Why is fat related to plastic chemicals? Turns out, BPA and other "obesogens" leach from plastics, cleaning products and cosmetics and find their way into our bodies through our food, water, air--and through our skins. These synthetic chemicals “mimic” the behavior of estrogen and other hormones and have also been linked to cancer and learning problems.
Products Containing BPA
BPA, for example, is found in polycarbonate plastic (PC #7) sports and baby bottles, canned food linings, pizza boxes, cash register receipts and even dollar bills. Plastics and cans are believed to be our most common routes of exposure, according to the U.S. Centers for Disease Control,which found in the urine of nearly all 2,500 people the Centers tested in 2003-4. http://www.cdc.gov/exposurereport/BisphenolA_FactSheet.html.
The Bad on BPA: The latest science
Bisphenol-A (BPA),has been connected with higher incidence of diabetes and cardiovascular disease in humans in a 2008 study. In a 2010 study, mother mice exposed to higher levels of BPA were found to be heavier than those who were not, and to produce offspring who were more likely to be fat and pre-diabetic.
Human fertility also appears to be at risk from BPA exposures. In 2010, a study at University of San Francisco connected BPA with impaired egg quality in women. Researchers found that,as blood levels of BPA in women doubled, the number of eggs that could be fertilized declined by 50%. Other studies have linked BPA to reduced sperm counts http://www.msnbc.msn.com/id/39888170/ns/health-mens_health/and other fertility problems in humans.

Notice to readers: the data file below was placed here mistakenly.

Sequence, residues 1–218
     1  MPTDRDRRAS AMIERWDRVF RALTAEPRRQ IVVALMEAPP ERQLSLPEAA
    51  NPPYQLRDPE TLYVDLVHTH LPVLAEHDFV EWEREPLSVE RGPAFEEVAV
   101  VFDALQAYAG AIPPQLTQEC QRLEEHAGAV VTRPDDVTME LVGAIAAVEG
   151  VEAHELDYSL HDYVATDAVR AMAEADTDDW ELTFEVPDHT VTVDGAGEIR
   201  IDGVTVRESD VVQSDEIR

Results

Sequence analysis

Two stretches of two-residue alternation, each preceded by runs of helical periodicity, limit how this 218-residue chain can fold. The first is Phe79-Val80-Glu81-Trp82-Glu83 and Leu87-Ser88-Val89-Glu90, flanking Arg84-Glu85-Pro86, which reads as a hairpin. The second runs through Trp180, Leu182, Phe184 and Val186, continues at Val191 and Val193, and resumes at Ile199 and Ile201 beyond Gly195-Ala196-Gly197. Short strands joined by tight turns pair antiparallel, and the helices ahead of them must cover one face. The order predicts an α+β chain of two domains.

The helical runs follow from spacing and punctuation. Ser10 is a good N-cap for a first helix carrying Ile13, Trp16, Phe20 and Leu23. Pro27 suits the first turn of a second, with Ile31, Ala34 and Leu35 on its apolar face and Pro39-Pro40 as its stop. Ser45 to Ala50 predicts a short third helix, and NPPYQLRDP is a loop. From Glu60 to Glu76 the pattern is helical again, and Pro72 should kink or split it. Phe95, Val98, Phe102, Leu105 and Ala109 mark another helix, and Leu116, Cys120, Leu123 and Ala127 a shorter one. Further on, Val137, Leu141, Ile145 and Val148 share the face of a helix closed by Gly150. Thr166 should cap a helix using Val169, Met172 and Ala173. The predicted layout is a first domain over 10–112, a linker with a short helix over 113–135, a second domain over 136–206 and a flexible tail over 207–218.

Perhaps most alarming is BPA’s potential to harm developing fetuses, infants and children. In 2010, BPA was linked to aggressive behavior in baby girls, as Janet Raloff reported in Science Times. Animal studies have shown that BPA can cause brain damage and learning disorders as well as interfere with reproductive systems. Exposure to BPA in the womb has led to development of asthma in animals.
How to Avoid BPA and Other Toxic Chemicals in Everyday Products
The good news: While BPA is pretty much everywhere, it can be avoided.
Below are five small but significant steps adapted from my book, Do One Green Thing, for losing your body burden of toxic chemicals.
1. Bypass the BPA:
Eat more fresh and less canned food. Consumers Union tests found pervasive BPA in canned food linings last year; Eden Foods has been using BPA-free can linings for more than a decade.
Phase out sports and baby bottles and kitchenware made with polycarbonate PC #7 plastic. Use my lists of top food storage containers and safest drink bottles.
Never microwave food in any plastic container; perversely, even so-called “safe” plastics have been found to leach BPA when heated .
2. Choose green, botanically-derived household cleaning products, like these dish soaps. Use my list of conventional cleaning ingredients to avoid for the sake of your indoor air and our waterways.
Yes, household air can get a little stale in January, but rather than spraying toxic synthetic “air fresheners,”, crack a window to let real fresh air in. For fragrancing, set out some potpourri or dip diffuser sticks in a vial of plant essential oils, like the pure tropical blends from Alora Ambiance.